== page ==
Wildfire risk for Southwest Colorado is predicted to be above normal starting in April, according to the National Interagency Fire Center.
“The Southwest is forecast to have above normal significant fire potential during most of April through June before the Southwest monsoon arrives in July,” according to an April 1 report issued by NIFC Predictive Services.
The above-normal category indicates there is “significant wildfire potential and a greater than usual likelihood that significant wildland fires will occur.”
The area of increased wildfire risk for May and June includes southern Colorado, southern Utah, Arizona, New Mexico and eastern Texas.
The drought, below-average snowpack, low soil moisture and dry vegetation contribute to higher wildfire risk for the area.
Without monsoonal precipitation, which has missed Southwest Colorado in recent years, increased wildfire risk is expected to continue throughout the summer and fall.
Climate outlooks indicate unseasonably warm and dry conditions are likely for much of the Intermountain West into early summer, compounding drought conditions.
Esther Godson, a wildland firefighter and public affairs officer for the San Juan National Forest, said in an April 6 email to The Journal that the trend has been for wildfire activity to start earlier in spring and last longer into fall.
“We are coming into our dry season with an existing drought,” she said. “While we did not have a bad winter, our snowpack was slightly below average. Combined, these indicate the potential for an active fire year.”
Godson said fuel moisture levels at mid-elevation in the San Juan Mountains are already receptive to ignition. Spring winds are anticipated to continue, which will further dry out conditions and could drive fire growth. She said west and central areas of the San Juan Forest will enter fire season in late April or early May, with the east side a bit later because of more snowpack.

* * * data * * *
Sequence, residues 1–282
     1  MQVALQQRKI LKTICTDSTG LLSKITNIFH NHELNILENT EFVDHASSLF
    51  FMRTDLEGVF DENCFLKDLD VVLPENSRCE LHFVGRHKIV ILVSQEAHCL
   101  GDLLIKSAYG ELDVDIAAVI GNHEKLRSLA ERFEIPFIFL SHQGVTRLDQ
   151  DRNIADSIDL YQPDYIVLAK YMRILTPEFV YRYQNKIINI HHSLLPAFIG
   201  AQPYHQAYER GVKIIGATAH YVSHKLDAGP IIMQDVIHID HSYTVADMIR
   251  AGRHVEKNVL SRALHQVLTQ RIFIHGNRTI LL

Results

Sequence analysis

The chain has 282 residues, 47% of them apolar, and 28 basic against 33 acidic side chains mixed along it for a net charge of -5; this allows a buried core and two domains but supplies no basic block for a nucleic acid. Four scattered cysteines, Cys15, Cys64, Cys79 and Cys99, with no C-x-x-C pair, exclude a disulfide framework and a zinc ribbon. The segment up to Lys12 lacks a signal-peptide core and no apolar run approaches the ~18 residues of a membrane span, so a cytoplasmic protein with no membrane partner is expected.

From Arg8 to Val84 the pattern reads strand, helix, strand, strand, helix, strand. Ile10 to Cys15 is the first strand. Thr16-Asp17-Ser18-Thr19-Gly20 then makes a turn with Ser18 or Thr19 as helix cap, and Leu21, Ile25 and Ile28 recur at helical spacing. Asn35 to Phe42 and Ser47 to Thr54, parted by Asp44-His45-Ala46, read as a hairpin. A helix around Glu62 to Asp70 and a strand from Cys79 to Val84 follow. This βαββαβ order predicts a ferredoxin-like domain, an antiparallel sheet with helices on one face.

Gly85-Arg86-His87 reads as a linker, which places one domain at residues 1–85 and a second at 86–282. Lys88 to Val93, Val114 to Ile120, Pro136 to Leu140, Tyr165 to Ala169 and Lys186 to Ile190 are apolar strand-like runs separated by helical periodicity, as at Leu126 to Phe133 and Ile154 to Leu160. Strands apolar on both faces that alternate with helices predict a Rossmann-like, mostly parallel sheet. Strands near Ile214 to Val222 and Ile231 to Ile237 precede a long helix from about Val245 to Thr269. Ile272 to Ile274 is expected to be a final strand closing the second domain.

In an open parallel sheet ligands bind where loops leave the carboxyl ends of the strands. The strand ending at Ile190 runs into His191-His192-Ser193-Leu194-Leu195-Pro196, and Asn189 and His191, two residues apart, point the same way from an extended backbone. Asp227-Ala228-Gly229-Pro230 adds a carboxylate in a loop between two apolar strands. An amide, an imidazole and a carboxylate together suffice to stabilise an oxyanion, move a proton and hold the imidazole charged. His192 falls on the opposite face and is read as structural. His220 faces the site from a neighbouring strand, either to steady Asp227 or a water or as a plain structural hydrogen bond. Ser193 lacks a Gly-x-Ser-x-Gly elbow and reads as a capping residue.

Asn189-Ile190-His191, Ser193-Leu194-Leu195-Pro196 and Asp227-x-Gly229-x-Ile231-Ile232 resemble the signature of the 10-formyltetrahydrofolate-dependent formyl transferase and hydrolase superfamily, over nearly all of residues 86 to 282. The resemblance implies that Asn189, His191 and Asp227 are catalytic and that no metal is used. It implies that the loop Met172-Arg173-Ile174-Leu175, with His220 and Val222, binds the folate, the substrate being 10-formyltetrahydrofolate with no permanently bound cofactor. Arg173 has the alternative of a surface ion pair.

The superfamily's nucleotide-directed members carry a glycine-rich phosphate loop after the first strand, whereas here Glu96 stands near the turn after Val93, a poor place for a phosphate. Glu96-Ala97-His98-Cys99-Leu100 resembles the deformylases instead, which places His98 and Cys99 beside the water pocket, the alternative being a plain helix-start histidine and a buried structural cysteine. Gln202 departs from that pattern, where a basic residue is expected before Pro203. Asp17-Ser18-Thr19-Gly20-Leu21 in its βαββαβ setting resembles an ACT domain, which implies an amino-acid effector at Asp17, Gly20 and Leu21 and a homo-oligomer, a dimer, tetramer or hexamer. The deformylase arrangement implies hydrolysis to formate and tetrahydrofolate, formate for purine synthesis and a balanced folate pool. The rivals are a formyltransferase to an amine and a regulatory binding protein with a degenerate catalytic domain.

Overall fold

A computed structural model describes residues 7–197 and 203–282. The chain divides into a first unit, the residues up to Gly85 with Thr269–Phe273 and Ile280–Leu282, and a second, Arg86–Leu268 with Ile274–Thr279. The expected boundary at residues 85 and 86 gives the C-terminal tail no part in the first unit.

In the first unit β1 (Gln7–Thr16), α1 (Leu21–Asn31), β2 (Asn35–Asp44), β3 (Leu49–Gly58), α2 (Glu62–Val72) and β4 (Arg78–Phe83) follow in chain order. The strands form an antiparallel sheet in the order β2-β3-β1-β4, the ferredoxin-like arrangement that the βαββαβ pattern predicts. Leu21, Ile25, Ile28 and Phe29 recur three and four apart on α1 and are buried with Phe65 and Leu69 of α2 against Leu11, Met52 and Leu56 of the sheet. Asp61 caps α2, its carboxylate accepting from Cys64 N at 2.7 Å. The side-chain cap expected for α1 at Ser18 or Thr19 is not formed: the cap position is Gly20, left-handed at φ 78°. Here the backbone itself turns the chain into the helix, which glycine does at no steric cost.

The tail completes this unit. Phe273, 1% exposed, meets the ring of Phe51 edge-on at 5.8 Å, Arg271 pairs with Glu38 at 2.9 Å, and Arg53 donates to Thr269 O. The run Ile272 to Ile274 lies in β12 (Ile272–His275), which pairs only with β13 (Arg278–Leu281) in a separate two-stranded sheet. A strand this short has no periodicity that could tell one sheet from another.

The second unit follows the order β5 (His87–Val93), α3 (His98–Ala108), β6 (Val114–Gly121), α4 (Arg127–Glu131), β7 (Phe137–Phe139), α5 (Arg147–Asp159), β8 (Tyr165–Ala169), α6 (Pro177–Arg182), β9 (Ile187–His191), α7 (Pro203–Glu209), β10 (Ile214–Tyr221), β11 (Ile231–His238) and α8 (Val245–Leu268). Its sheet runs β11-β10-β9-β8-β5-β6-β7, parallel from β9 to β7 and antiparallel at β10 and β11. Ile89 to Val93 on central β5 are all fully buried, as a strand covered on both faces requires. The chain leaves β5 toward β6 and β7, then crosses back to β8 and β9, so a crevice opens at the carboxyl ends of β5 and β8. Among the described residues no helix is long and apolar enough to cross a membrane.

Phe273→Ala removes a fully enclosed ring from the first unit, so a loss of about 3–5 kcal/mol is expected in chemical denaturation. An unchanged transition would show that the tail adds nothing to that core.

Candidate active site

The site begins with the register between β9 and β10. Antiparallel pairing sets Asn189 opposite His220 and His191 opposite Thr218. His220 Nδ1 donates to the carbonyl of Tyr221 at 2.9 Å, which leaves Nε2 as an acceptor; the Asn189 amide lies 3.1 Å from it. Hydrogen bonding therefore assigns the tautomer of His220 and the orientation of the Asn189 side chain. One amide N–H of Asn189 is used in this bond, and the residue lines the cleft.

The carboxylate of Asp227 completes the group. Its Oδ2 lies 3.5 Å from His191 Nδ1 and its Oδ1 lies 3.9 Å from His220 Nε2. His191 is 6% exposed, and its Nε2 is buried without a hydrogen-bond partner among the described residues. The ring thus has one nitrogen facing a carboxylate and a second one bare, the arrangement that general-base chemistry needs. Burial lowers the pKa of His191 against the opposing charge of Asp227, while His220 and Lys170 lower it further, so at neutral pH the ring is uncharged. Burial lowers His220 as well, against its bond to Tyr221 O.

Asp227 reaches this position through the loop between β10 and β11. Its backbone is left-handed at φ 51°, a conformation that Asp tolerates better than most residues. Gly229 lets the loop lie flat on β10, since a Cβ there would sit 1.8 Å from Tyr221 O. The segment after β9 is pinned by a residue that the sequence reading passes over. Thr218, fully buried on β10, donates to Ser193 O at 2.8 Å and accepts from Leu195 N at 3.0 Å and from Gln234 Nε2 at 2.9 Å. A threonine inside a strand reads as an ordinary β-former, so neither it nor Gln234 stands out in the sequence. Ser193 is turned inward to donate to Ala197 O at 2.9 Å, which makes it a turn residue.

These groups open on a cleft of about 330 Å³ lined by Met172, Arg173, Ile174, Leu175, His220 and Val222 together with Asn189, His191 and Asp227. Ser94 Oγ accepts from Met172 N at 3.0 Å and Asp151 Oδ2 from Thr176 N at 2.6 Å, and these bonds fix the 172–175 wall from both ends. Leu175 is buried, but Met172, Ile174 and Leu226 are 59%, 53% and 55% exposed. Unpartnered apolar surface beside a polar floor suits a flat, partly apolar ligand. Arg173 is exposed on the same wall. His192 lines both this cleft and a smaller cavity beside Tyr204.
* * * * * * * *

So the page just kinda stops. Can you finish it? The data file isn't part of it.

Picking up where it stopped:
Wildfire season beginsFire activity already has increased in March across the U.S., according to the National Interagency Fire Center.
Wildfires have broken out in the eastern and southern U.S. and in the Rocky Mountains and Southwest.
“Dry and windy conditions led to short-duration wind-driven large fires across these areas periodically through March, including numerous large fires on March 29,” the report said.
Twenty-eight new large fires were reported over the weekend, according to NIFC. Wildland firefighters and support personnel continue to work on 27 large fires in 10 states.
As of April 5: In Utah, the Choke Cherry Fire north of Cedar City had burned 700 acres and was 0% contained. The Little Pass Fire west of Great Salt Lake had burned 1,300 acres and was 70% contained. In Arizona, the G-22 Fire had burned 300 acres west of Show Low, Arizona, and was 0% contained.
Forest visitors play a critical role in wildlife prevention, Godson said. On average, human-caused wildfires make up 87% of all wildfire occurrences annually.
Many of the fires occur close to roads, communities and recreational areas, posing a threat to public safety. Visitor education about best practices is the goal of land managers, including securing trailer chains, avoiding potential sparks in tall grass and following fire restrictions.
During the COVID-19 pandemic, outdoor recreation has become more popular than ever. The Recreate Responsibly Coalition offers guidelines and tips for getting outside and staying healthy while practicing responsible outdoor recreation and wildfire prevention activities.
Southwest Colorado in fire weatherThe National Weather Service issued its first red flag warning of the year earlier this week and a fire watch Wednesday for Southwest Colorado. Gusty winds, low relative humidity and dry fuels triggered the warning and watch. The area affected included Fire Weather Zone 207, which includes Montezuma County and southern La Plata County.
Controlled burns are not allowed during red-flag warning days, fire weather watches and wind advisories, said Montezuma County Sheriff Steve Nowlin. Citations may be issued if burning occurs during days it is prohibited, or during burn bans.
Cortez Fire Protection District Chief Jay Balfour warned that drier conditions over the past 30 years have increased the risk that controlled burns will get out of hand.
“It is not the same as it was 30 years ago, conditions are much drier, there are more homes, and neighboring property owners are more concerned that a controlled burn next door will cause damage to their property,” he said.